Thoughts on changing history

The staff at James Madison’s home, Montpelier, have added new interpretations of the enslaved people who lived there (exhibition: The Mere Distinction of Colour)
Reconstructed slave cabin at Mount Vernon, opened in 2007

History is changing… as it always has. Some of you cry, “Revisionist history!” Others argue, “History cannot change, it’s what happened.” The facts don’t usually change, an event happened at a certain place, on a certain date (though even these can be disputed). But it’s a historian’s job to look at the historical evidence and draw conclusions – to create an interpretation of that evidence. If two people look at the same evidence, it’s probable their conclusions will be somewhat different. The evidence doesn’t always agree (think witnesses at the scene of a car accident). If two people look at different evidence about the same event, it’s highly likely their conclusions will be different. Does that make one interpretation right and one wrong? If the historian can show her sources and it’s clear she made a solid argument based on her evidence, then it’s a valid interpretation.

Sometimes brand-new evidence surfaces after many years. Someone finds a stash of old letters in an attic written by or about someone famous – recent examples include Elizabeth Cady Stanton and William Clark (of Lewis and Clark).  This allows historians to add more to the story. In the case of Clark, the letters written to his brother, reveal more information about York, his enslaved man and member of the westward expedition.

A historic site can tell many stories about its topic. But someone must decide which stories it will tell. In decades past, these stories tended to focus on famous men (and a few women), usually white, who were decision makers and leaders. In the 1960s, social history became popular, telling the stories of the underrepresented, the everyday people, including African American history and labor history and women’s history.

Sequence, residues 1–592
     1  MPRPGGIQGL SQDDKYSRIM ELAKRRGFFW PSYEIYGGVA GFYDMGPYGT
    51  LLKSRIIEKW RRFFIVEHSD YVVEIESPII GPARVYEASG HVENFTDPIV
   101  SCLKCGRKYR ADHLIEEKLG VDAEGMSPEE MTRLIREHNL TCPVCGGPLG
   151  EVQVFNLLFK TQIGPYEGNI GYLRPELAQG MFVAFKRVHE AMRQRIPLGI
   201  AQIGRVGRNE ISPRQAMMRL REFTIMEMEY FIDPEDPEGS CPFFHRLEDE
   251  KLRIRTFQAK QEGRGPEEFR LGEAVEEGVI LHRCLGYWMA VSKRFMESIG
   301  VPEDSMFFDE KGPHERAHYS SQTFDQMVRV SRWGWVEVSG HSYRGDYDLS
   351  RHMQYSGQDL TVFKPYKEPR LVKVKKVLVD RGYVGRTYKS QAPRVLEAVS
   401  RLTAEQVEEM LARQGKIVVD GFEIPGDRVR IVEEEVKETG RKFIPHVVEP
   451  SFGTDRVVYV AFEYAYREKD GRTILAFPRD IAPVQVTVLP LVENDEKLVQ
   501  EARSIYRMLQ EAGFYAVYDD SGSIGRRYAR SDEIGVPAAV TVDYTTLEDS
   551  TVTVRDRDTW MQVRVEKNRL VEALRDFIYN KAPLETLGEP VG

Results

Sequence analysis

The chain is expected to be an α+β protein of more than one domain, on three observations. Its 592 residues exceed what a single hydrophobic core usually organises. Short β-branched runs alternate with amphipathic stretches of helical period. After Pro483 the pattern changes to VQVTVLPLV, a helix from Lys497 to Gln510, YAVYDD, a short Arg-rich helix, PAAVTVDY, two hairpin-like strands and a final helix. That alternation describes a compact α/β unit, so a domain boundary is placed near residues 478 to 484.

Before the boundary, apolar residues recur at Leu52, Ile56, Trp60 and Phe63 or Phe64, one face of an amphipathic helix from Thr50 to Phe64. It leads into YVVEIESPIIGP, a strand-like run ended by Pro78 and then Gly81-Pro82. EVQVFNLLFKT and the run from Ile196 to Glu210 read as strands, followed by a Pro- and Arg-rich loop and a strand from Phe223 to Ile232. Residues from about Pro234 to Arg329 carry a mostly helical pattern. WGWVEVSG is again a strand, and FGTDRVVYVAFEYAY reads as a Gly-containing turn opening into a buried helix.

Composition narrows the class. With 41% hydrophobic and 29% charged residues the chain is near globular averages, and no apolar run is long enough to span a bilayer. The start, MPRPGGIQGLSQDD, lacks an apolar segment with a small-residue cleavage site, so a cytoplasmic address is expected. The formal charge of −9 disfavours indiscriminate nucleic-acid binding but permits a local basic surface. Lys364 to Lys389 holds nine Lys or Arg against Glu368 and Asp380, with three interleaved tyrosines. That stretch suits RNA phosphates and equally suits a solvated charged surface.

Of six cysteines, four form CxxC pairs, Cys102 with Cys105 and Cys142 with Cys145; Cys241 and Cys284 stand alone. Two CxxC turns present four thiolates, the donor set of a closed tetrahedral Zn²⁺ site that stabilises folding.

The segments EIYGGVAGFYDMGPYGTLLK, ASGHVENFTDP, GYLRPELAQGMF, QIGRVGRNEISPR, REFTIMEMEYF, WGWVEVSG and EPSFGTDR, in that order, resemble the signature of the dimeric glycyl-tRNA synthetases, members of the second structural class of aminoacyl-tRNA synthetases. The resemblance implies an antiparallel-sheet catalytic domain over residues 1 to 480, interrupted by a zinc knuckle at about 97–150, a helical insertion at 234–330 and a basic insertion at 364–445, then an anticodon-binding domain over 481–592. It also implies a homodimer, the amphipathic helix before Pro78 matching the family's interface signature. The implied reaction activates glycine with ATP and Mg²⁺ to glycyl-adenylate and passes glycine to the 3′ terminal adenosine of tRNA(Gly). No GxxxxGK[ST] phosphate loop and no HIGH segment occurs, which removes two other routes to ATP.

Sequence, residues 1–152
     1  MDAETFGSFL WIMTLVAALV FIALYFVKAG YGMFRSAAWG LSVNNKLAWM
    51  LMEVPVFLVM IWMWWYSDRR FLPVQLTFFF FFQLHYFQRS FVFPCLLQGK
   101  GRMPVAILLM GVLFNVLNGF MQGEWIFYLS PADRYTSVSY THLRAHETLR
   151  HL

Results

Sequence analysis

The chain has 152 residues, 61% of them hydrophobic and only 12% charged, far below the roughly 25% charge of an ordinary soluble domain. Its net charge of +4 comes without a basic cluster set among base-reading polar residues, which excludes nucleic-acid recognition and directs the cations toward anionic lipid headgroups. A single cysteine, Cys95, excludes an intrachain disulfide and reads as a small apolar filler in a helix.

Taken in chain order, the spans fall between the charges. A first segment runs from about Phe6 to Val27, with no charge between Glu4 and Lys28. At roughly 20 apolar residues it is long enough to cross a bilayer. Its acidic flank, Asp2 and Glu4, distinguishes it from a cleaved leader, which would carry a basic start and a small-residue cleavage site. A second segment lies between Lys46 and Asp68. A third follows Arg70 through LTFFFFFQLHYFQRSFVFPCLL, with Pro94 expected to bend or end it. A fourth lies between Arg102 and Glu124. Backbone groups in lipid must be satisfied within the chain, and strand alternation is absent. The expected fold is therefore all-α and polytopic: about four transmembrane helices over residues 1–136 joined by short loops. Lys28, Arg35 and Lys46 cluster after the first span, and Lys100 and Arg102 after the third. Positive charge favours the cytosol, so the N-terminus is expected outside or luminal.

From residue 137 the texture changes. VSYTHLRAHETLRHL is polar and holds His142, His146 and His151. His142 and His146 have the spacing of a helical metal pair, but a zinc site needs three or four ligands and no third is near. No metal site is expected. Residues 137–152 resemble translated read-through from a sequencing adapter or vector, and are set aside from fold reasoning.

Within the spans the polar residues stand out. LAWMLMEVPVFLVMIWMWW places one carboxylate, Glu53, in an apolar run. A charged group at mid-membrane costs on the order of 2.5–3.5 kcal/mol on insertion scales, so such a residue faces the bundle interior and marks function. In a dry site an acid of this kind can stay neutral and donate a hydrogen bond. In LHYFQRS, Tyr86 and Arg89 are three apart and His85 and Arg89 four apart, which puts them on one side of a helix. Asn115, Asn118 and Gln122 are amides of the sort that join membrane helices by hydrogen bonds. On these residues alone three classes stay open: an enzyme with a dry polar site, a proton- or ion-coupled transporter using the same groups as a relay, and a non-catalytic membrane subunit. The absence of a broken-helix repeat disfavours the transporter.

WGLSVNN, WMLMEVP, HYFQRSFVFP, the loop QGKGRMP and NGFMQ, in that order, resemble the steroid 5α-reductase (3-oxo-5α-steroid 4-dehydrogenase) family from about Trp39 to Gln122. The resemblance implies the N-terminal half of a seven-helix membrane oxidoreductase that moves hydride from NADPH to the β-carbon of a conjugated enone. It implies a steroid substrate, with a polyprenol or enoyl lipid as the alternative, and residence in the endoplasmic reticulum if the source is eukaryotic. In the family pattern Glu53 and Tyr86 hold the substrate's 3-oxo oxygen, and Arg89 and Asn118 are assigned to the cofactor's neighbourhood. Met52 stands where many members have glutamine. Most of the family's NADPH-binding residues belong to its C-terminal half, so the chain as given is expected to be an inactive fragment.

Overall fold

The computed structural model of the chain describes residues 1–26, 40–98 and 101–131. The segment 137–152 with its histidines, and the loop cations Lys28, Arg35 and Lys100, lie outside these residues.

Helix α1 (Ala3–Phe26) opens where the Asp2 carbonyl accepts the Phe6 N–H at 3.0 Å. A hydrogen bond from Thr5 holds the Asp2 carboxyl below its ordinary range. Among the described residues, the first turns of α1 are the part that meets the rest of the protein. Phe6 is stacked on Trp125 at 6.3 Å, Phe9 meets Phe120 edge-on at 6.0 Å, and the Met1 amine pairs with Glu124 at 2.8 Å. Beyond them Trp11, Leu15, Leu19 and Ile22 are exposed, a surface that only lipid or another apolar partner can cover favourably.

Today, history practitioners, those people who decide what stories are told at historic sites, are making much more effort to be inclusive and tell the stories of everyone connected to a site. The history of slavery has presented a challenge, but gradually the leaders of historic sites are realizing that the story of everyone who lived at a site should be told. If enslaved people lived there, their story is important. Of course, the tension comes with the power of the story and the acknowledgement that some people don’t want to learn difficult stories. Slavery is no doubt a very tough topic. But history should be about telling the truth and grappling with it.

Of course, not everyone has left a decent amount of evidence that reveals their story. And some kinds of historical evidence can be easier to study than others, or to verify. In the past, historians have placed emphasis on the written word, documentary evidence. But for various reasons, not all cultures leave documents. Each type of source, whether photographs, maps, artifacts, oral histories, or documents has strengths and weaknesses, all have internal biases.

If you’ve been visiting a favorite historic site (maybe one near where you live) over many years, no doubt you’ve noticed the stories it tells have changed. Maybe a little, maybe a lot, but reinterpretation has been called the lifeblood of historical understanding. It’s normal.

 I find the study of history endlessly fascinating because there isn’t only one way to look at history!

Related posts:

Within These Walls… If Our Houses Could Talk

James Madison’s Montpelier

The newly constructed South Yard, where enslaved people lived and worked, at Montpelier

About Tim

Author, public historian, and consultant. Author site: timgrove.net - My fifth book, Star Spangled: The Story of a Flag, a Battle, and the American Anthem, was published in May 2020. Consulting site: grovehistoryconsulting.com I specialize in exhibition development, interpretive planning, education strategy, and history relevance. I'm passionate about helping history organizations of all sizes and kinds make history more relevant for their communities and the people they engage with. I'm happy to consider many types of writing projects for informal learning organizations. Reach me at tim@grovehistoryconsulting.com or authortimgrove@gmail.com
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